The last time I spoke with Ben Kaufman he told me he was happy to have left Mophie, the mobile device battery case maker, to focus on “reinventing the process of invention” with his new company, Quirky, because he “didn’t want to spend [his] life making iPhone condoms.” Yet here we are five years later, and the first project Quirky has undertaken fresh after raising $60 million in venture capital is more iPhone condoms — this time in partnership with online retailer Fab, another rising New York-based startup.
The partnership will bring Quirky-built Apple accessories, such as an iPhone case that double as a wallet, an iPhone bike mount, and, yes, a battery case, to Fab’s storefront. Kaufman said that the idea for the partnership came about last Monday, and on Thursday his team gathered, voted on, and prototyped product ideas from the Quirky community. A live broadcast allowed the community to help decide which products would be developed over 24 hours – a speed that few, if any, companies could match. Startups can spend months conceptualizing and planning a product. Quirky gave itself a day.
It’s no surprise then that Kaufman chose to partner with a startup that could match Quirky’s speed. Fab, called a “flash retailer” for a reason, joins a partnership that spawns a series of seeming contradictions. First you have a man that swore off iPhone cases just a week before devoting his time (and money) to their development; an ecommerce company that has branded itself as a content company but is now embracing its storefront status; and two New York startups partnering to develop new hardware faster than Silicon Valley and the rest of the iPhone accessory-making masses.
Don’t underestimate Fab and Quirky’s one-two punch. Quirky counts over 260,000 community members and expects to bring in over $20 million in revenue this year – not bad for a three-year-old company. Fab, which pivoted from being a gay-man’s everysite (they had daily deals, a Foursquare-like feature, and a general social network) in 2011, had amassed 1.5 million members at the end of last year. Those customers, who have proven to be willing to buy anything from clothing to furniture and artwork, are the kind of customers that appreciate Quirky’s attention to detail and the pseudo-hippie “we’re in this together” history of each product.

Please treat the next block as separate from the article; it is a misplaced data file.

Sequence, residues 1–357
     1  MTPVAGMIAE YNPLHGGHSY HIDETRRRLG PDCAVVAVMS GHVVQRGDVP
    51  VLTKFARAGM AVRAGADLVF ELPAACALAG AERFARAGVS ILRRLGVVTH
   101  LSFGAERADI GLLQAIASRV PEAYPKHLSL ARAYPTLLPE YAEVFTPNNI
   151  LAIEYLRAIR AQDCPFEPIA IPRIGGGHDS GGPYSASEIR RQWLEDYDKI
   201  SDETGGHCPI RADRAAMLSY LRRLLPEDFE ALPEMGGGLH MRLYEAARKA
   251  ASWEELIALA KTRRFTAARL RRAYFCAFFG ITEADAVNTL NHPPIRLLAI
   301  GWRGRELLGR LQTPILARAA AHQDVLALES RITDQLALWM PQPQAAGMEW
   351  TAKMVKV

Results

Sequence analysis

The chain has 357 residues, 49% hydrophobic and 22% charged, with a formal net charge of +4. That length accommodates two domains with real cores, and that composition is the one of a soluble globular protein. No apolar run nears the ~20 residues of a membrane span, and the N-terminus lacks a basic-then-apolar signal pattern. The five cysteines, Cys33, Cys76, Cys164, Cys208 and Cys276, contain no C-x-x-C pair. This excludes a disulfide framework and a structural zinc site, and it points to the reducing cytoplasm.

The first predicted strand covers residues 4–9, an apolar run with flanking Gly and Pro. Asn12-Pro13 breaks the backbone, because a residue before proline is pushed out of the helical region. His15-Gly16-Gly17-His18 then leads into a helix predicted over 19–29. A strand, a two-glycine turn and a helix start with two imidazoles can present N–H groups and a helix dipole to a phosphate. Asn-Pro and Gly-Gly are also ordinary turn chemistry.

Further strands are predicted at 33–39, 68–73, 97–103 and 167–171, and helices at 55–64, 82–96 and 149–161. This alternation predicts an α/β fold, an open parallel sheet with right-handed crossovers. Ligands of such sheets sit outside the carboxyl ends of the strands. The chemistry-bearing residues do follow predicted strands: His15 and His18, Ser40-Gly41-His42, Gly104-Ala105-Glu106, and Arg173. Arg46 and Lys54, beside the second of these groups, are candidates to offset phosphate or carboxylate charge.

Like any good relationship, the Fab-Quirky partnership is based on a foundation of similarities – being based in New York, “healthy” venture funding (they’ve collectively raised $247 million, according to CrunchBase) and attention to quality – as well as differences. Fab is, for the most part, content to sell other company’s products, and Quirky is willing to leave the commerce aspect of its business to its retail partners.
I think it’s safe to say that Quirky is making good on its promise to contribute products that look at home on Fab. They seem well-designed and many serve dual functions. The Powerloop, for example, looks, well awful, but it hides a charger cable in its bright (presumably) rubber form. I’m not the biggest fan of all of the products – the Corner Guard Case (probably not the final name) in particular strikes me as a bit off-putting – but it isn’t hard to imagine a use case for each product. (Sarah in particular may appreciate the variety of cases, as she tends to break iPhones like it’s her job.)
There may have been one missed opportunity, however. The Quirky crowd disapproved of a vibrator-iPhone combination, with one woman saying “I like my iPhone and I like my vibrator, but I don’t like them together.” Considering that Jimmy Jane vibrators are one of Fab’s best-selling products, according to cofounder Bradford Shellhammer, the combo may have been a smash hit.
All told, watching two New York startups challenge the idea that “hard” tech can’t come from the East Coast has been exciting. The companies could crash and burn – the products may have a fatal flaw, Fab’s customers may not like them as much as one may expect, etc. – but both companies’ commitment to quality and their founders’ ability to act (an react) quickly make that seem unlikely. Pivots away from iPhone condoms and Facebook/Foursquare social networks – but for gay men! – have led to one of New York’s hottest hookups. Now we’ll just have to see if this is a one-night stand or a lasting relationship.
[Illustrations by Hallie Bateman]